Few laws have generated as much opposition–or confusion—as the Affordable Care Act.
Since its stormy passage in 2010, polls have consistently shown that many Americans have major misconceptions about what the health-care law does, including the false notion that it replaces private coverage with a government-run insurance system.
Americans even have different opinions of the law, depending on what it’s called. According to a recent CNBC poll, more people are opposed to “Obamacare” than the Affordable Care Act—even though they are one and the same.
The health-care law’s supporters hope the confusion and hostility will begin to subside now that the exchanges, which launched October 1, are open for business. That said, according to a recent Kaiser Health Tracking Poll, about half of those surveyed said that they didn’t have enough information about the law to know how it would affect their families.
Don Silver, an attorney, was once one of those consumers who was desperate for more clarity. So he read through all 900-plus pages of the law (twice!)—plus around 15,000 pages of health-care regulations—and then wrote “The Best ObamaCare Guide.” Given his expertise, we asked Silver to separate fact from fiction—as well as share some little-known knowledge about the law.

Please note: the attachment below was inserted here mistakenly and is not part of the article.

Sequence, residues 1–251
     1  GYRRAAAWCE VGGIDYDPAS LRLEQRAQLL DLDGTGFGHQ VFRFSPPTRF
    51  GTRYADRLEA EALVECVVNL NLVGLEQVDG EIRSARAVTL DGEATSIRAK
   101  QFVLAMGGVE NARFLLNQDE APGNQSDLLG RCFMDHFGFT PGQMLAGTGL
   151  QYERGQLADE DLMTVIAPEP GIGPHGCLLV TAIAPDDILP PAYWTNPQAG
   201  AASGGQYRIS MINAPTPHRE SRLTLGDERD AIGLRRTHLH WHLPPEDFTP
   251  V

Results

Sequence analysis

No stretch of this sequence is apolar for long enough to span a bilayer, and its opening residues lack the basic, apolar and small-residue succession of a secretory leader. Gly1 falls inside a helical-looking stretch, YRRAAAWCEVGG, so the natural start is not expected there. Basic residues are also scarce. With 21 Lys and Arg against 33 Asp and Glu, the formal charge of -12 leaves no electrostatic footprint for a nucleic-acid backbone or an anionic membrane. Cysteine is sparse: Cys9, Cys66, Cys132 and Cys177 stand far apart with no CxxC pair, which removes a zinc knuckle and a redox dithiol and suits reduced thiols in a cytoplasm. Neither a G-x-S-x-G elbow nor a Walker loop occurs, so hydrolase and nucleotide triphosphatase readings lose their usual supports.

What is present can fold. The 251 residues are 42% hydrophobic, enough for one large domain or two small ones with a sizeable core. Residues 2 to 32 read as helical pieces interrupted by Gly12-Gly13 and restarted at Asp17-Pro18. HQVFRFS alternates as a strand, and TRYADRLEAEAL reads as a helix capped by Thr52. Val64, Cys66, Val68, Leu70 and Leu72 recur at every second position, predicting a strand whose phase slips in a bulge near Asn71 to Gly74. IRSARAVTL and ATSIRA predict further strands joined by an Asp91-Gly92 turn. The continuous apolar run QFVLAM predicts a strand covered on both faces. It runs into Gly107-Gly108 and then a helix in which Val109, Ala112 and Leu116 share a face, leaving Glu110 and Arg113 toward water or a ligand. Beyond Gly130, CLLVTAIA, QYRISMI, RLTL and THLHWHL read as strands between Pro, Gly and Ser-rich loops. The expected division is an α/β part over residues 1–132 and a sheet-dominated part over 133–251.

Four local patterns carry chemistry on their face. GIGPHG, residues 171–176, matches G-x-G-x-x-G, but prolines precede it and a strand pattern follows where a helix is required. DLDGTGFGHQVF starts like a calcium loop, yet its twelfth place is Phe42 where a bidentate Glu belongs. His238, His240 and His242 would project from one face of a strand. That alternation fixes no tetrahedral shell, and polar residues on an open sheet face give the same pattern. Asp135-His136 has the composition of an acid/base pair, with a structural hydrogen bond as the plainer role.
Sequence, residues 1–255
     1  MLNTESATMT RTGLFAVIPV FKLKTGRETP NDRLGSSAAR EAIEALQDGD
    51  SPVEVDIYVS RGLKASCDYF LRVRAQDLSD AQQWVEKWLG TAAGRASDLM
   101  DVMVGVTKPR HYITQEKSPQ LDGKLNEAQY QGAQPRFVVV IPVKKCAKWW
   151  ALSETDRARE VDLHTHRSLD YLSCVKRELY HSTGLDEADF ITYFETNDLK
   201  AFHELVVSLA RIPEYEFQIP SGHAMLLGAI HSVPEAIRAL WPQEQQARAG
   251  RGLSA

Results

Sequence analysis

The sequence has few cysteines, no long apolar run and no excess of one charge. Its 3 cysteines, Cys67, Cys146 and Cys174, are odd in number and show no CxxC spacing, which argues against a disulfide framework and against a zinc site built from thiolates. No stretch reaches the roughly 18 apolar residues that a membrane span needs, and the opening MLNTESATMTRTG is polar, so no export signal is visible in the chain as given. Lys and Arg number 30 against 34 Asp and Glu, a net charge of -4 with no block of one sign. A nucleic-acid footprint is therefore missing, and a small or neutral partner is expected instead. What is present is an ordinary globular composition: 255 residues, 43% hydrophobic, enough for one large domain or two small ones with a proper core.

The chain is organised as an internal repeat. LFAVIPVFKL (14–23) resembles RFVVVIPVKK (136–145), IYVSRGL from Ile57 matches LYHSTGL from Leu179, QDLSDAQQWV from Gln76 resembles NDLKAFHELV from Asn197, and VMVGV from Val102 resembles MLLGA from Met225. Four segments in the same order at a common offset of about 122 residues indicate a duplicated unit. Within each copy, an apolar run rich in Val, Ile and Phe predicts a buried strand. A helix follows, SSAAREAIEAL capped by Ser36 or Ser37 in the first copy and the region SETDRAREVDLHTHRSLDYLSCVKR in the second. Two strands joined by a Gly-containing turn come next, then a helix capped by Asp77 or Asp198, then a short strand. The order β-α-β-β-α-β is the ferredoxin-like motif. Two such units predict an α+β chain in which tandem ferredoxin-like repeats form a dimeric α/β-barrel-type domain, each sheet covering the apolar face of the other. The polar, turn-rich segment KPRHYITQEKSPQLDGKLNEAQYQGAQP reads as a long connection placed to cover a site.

LearnVest: What does the Affordable Care Act do?
Don Silver: The big picture is that the Affordable Care Act extends coverage, either through private insurance or Medicaid. It’s important to point out, however, that the law does not guarantee access to care. It also does not control medical costs. There is no real rate control on the federal level, although there is some in certain states.
Some new benefits that affect everyone: You cannot be turned down for insurance due to preexisting conditions, and there are also no longer any annual or lifetime caps on coverage. Additionally, 10 essential health benefits—including doctor visits, maternity care and hospital visits—are now required coverage.
Young adults can now stay on their parents’ plans until age 26, but there can be some downsides if kids live in a different area than their parents, in which case medical care might be all out of network and out of pocket. Women will also now pay the same premium rate for coverage as men, which has not been the case in most states. And the unhealthy will pay the same amount as those who are healthy, which also has not generally been the case.
The employer mandate—employers with 50 or more full-time and full-time-equivalent employees now have to provide insurance or pay a penalty—is also new, but that’s been delayed for one year.
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